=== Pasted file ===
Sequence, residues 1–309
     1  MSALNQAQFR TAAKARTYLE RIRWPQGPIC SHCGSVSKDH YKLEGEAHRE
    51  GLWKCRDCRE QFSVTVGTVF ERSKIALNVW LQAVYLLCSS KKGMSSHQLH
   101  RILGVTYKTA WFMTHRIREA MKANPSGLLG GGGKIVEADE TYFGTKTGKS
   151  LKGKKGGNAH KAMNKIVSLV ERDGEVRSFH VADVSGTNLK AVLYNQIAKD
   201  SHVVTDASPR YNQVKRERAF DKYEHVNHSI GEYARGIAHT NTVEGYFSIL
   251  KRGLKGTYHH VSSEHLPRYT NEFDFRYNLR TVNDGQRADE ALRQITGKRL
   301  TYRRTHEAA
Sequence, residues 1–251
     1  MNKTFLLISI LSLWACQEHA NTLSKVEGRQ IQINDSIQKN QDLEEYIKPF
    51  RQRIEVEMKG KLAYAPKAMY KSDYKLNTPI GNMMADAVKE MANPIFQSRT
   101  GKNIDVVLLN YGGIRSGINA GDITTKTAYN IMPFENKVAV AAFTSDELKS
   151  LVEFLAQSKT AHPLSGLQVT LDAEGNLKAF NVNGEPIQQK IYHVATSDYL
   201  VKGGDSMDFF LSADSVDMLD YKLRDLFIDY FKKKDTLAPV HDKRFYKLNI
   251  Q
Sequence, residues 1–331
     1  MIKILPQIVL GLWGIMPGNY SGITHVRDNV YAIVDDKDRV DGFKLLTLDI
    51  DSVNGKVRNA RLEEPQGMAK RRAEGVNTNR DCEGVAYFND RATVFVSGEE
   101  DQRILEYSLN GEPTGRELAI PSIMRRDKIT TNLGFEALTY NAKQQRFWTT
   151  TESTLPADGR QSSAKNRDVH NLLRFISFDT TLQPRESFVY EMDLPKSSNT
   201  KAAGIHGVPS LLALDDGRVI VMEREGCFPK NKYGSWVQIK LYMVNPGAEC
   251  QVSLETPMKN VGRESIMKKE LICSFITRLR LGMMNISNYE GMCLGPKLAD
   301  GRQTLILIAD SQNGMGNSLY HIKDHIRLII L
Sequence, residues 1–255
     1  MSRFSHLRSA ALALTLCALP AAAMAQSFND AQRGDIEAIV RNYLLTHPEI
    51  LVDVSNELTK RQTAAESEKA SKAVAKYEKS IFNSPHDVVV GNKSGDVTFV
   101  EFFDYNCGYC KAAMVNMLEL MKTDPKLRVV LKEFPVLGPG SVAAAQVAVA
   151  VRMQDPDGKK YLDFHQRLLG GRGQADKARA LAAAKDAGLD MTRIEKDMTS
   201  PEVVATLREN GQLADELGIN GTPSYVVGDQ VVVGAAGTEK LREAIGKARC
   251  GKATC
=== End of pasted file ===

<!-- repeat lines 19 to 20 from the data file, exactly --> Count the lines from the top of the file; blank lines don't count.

   101  DQRILEYSLN GEPTGRELAI PSIMRRDKIT TNLGFEALTY NAKQQRFWTT
   151  TESTLPADGR QSSAKNRDVH NLLRFISFDT TLQPRESFVY EMDLPKSSNT